PARIS (Reuters) - Journalists' rights group Reporters Without Borders (RSF) has added Egypt to its list of the worst suppressors of freedom of expression on the Internet but removed neighbouring Libya as it found no Web censorship there.
Nepal and the Maldives were also removed from the 2006 list, published on Monday, bringing the total number of countries on it to 13, all of them states regularly criticised by human rights groups, such as Cuba, Myanmar, Iran and Turkmenistan.
"(Egyptian) President Hosni Mubarak, in power since 1981, has shown a particularly worrying authoritarianism as concerns the Internet," RSF said in a statement.
Internet use is one of the freedoms monitored by the rights group surveying civil liberties around the world.
RSF said three bloggers were arrested in Egypt in June and detained for two months for saying they were in favour of democratic reform, while others had been harassed.
It also expressed concern at an Egyptian court ruling that said an Internet site could be shut down if it posed a threat to national security.
"(That is) a worrying position which could open the door to excessive censorship of the Web," RSF said.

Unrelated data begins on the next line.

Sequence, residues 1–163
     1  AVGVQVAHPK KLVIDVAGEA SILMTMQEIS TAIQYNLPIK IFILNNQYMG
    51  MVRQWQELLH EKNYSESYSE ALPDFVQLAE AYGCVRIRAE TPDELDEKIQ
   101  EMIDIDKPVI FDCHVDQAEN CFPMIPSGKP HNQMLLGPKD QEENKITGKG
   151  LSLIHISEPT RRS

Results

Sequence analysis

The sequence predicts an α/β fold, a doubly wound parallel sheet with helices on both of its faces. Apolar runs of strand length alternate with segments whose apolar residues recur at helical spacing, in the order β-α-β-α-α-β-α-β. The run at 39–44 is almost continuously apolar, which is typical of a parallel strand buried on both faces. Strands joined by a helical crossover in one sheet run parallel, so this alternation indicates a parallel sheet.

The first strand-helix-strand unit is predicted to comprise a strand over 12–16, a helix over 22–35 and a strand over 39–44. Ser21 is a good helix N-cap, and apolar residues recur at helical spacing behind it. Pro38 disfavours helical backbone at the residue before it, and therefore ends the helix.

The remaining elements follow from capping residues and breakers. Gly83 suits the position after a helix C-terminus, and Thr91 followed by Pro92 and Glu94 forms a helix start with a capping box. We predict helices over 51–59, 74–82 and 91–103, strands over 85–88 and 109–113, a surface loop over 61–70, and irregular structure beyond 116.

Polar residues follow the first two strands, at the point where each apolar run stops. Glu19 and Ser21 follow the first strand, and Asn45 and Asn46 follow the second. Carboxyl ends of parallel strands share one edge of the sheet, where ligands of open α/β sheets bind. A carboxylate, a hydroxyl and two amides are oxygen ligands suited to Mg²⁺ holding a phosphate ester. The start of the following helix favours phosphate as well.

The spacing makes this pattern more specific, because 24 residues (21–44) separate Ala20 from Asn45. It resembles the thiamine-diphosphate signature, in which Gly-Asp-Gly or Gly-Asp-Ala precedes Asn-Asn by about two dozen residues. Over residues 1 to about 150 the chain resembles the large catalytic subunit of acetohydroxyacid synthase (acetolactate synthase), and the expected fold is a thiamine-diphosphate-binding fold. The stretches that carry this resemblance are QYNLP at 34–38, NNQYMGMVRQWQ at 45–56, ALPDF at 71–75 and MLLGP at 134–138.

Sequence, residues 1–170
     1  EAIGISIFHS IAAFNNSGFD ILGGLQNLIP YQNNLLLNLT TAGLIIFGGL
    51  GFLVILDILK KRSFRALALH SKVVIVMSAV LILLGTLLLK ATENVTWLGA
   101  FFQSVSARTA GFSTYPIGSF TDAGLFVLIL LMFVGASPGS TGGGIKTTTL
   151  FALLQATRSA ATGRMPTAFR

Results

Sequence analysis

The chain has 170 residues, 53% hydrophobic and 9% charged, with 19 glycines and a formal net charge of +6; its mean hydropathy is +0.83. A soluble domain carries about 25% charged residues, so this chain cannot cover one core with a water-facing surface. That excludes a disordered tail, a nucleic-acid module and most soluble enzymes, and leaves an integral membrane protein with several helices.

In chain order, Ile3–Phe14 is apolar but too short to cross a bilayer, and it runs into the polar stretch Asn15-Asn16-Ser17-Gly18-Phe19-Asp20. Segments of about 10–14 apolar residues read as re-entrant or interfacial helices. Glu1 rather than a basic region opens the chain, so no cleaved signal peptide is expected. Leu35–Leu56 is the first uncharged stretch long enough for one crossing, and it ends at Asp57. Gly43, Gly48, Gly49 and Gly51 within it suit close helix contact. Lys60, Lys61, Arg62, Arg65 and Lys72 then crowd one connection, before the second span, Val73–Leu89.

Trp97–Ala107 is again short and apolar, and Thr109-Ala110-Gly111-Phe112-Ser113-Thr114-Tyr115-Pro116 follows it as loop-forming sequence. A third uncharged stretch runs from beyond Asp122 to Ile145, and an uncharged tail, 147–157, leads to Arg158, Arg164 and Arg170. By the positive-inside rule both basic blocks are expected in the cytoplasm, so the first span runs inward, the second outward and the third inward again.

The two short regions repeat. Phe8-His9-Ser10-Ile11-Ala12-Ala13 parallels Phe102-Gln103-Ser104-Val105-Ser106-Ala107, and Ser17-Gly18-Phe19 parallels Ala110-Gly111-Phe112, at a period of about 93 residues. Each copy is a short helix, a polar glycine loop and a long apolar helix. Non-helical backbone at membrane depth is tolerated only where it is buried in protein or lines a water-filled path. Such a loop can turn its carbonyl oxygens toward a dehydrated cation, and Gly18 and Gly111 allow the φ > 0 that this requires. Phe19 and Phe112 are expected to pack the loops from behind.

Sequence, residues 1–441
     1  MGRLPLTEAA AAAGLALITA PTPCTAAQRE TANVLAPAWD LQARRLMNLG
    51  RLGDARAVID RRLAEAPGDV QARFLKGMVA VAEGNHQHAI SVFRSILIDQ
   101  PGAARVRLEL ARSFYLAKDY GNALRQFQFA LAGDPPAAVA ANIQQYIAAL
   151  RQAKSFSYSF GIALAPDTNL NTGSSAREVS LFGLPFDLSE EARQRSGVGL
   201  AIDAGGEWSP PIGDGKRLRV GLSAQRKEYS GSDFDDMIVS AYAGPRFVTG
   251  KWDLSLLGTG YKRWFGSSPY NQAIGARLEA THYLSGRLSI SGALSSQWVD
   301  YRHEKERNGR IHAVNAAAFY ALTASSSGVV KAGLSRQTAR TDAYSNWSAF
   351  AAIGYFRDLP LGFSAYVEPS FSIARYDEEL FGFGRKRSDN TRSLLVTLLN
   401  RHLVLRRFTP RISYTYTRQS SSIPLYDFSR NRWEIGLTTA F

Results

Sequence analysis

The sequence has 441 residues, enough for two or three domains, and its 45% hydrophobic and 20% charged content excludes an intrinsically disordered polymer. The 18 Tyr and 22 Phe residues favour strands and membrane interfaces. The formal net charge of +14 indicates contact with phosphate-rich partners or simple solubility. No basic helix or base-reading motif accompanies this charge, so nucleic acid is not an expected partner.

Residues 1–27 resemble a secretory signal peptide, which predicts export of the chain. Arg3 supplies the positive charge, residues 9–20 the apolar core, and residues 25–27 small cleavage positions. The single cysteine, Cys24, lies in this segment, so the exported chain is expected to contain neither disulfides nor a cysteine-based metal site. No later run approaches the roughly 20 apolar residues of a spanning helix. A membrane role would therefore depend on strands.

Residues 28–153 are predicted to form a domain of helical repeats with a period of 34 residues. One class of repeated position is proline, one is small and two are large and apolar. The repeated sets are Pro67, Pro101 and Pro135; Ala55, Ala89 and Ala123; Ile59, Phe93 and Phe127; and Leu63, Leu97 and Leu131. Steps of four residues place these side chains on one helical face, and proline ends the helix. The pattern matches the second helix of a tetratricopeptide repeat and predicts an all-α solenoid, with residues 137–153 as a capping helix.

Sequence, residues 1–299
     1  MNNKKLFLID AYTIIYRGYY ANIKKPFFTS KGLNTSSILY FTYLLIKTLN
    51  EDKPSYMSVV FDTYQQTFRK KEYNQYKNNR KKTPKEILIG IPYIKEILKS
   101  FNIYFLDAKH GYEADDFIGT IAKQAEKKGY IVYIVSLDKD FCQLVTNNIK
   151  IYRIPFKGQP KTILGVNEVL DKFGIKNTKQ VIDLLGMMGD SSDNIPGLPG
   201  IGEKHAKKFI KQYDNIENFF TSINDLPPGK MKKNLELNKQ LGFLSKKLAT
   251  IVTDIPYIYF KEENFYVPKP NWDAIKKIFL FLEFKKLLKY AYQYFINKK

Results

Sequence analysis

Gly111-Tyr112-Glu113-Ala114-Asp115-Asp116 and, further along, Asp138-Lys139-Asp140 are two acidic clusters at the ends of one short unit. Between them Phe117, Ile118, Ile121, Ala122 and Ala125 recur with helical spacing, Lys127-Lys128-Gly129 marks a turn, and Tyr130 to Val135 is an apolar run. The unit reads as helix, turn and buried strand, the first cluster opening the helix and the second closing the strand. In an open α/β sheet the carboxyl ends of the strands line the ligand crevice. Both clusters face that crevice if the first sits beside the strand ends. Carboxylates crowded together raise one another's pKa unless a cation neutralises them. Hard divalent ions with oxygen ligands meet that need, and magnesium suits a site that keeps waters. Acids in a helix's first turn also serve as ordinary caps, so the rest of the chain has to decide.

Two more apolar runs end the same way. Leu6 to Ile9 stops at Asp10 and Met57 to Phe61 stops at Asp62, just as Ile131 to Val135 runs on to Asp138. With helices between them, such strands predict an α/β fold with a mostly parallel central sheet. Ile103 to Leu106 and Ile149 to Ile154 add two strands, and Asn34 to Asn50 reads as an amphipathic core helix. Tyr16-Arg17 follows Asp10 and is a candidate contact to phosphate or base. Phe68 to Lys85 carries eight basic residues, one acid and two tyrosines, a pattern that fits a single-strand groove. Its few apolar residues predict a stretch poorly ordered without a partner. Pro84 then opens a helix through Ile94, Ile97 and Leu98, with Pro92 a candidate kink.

Conversely, in neighbouring Libya, long treated as a pariah by the West, the situation was found to be improving.
"Following a mission to the country, Reporters Without Borders observed that the Libyan Internet was no longer censored," it said, adding that no online dissidents were imprisoned there any more.
"President Muammar Gaddafi is, however, still considered a predator of press freedom," it added.
Egypt is ranked 133rd and Libya 152nd in RSF's annual press freedom index, which was published last month.
NORTH KOREA STILL WORST
Of the dozen countries other than Egypt on RSF's Internet blacklist, all but one -- Tunisia -- were in the bottom 20 of its press freedom index. Tunisia was 21st from last.
China was the most advanced country in filtering the Internet for "subversive" content, and Beijing was now focusing on blogs and video-exchange sites, RSF said.
"North Korea remains, as in 2005, the worst Internet black hole in the world," the rights group said, adding that only a few officials had access to the Web through Chinese connections.
Vietnam, Saudi Arabia, Belarus, Uzbekistan and Syria were also on the blacklist.
The freeing of three "cyber dissidents" from prison led to the removal of the Maldives from the blacklist. In Nepal, King Gyanendra's handing power back to political parties enabled the formation of a government and led to improved civil liberties, RSF said.
"The Net is no longer censored and no cases of bloggers being harassed or arbitrarily detained have been registered," the rights group said.